Vijay Hazare Trophy: Tare calls for ‘reserve days’

Despite being ahead, defending champion Mumbai had to bow out on the basis of victory-count in the league stage.

Mumbai opener Aditya Tare was in fine touch before rain washed out the Vijay Hazare trophy quarterfinal tie between the title holder and Chattisgarh. (File photo)

Mumbai batsman Aditya Tare, who was unbeaten along with Yashasvi Jaiswal while chasing a target of 192 in 40 overs in the rain-affected knockout rubber against Chhattisgarh, called for “reserve days” in the Vijay Hazare Trophy.

Despite being ahead of its opponent, defending champion Mumbai had to bow out on the basis of victory-count in the league stage — the criterion in the event of a washout; Chhattisgarh had accounted for five wins to Mumbai’s four.

Scoring at 8.26 per over, openers Tare (31* off 31) and Jaiswal (60* off 38) stitched a 95-run partnership in 11.3 overs when rain stopped play.

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“Maybe in the future, reserve days need to be considered especially for the knockouts,” Tare told Sportstar on Monday.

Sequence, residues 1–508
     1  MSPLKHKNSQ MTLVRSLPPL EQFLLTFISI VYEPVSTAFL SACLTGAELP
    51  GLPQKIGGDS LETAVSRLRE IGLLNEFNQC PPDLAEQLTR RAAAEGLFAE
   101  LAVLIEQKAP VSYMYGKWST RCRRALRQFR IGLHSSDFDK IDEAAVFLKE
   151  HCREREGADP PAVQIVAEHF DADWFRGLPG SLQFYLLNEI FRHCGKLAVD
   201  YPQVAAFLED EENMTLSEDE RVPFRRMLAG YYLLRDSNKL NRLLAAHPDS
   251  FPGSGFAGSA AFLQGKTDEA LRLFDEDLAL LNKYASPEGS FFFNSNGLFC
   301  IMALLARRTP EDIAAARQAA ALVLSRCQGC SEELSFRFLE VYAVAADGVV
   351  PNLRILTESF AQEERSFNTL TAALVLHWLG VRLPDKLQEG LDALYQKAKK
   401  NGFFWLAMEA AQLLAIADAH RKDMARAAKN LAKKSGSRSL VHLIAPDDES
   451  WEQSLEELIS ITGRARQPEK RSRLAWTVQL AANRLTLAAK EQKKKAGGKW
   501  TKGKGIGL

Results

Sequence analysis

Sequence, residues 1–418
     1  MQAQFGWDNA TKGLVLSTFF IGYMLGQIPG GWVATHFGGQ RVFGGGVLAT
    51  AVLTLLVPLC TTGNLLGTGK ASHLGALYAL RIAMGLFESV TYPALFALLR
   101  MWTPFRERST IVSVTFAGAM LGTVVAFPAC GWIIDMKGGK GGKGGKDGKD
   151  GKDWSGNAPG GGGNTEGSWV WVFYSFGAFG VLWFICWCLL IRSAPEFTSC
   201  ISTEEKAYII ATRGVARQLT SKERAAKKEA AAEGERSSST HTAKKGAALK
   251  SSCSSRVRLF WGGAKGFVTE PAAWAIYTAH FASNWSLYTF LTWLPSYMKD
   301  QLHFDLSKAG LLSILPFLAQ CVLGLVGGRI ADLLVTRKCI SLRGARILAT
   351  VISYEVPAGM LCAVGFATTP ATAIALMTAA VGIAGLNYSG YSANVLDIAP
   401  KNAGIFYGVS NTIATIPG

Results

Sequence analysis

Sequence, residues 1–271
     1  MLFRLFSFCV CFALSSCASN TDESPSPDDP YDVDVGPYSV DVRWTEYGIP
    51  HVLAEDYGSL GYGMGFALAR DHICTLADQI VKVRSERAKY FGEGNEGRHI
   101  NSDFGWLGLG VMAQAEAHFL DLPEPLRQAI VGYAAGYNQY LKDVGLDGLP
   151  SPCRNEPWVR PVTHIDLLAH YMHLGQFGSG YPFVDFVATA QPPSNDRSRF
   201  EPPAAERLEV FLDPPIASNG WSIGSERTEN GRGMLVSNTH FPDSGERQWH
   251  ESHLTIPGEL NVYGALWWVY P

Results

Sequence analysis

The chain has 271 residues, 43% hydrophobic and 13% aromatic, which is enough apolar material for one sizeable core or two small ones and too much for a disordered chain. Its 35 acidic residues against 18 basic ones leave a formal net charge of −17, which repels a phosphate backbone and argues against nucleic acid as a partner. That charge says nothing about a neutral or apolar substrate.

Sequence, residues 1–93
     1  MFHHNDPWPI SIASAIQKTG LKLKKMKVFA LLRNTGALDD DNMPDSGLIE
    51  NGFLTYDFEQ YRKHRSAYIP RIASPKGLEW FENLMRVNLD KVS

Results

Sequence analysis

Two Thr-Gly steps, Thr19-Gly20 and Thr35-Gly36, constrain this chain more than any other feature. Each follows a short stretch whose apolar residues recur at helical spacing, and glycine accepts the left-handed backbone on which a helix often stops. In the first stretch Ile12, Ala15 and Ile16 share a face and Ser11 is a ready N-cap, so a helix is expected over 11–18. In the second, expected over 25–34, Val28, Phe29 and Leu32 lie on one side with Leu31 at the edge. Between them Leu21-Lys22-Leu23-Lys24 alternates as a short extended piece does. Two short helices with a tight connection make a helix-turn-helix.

Both Tare and Jaiswal have been in fine touch in the tournament with the latter smashing a double hundred against Jharkhand; the 17-year-old became the youngest batsman to do so in List A cricket.

“It is tough to go out like this, after playing well and being ahead of the opposition throughout the game,” Tare added.

According to reports, the Mumbai side is likely to ask the state association to discuss the rule with the BCCI. “How should the performance in the league stage matter in the knockout stages? Every day is a new day. Else, a good team goes out in this fashion,” a member of the Mumbai support staff was quoted as saying by PTI.

In rain-truncated matches, BCCI domestic cricket operates on the VJD rule devised by civil engineer V. Jayadevan from Kerala. It is an alternative to the Duckworth-Lewis-Sterne method used by the ICC.

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The VJD system considers statistics from previous games and also assumes a high-scoring rate in the first few overs, a slump in the middle overs and a rapid rise in the death as against DLS system that believes the scoring rate can only increase with the progress of an innings. 

“We will have to see if, in the DLS method, we qualify (from where the match was called off). If we would have qualified, then we will write to the board about it,” a senior MCA official said.


(With inputs from PTI)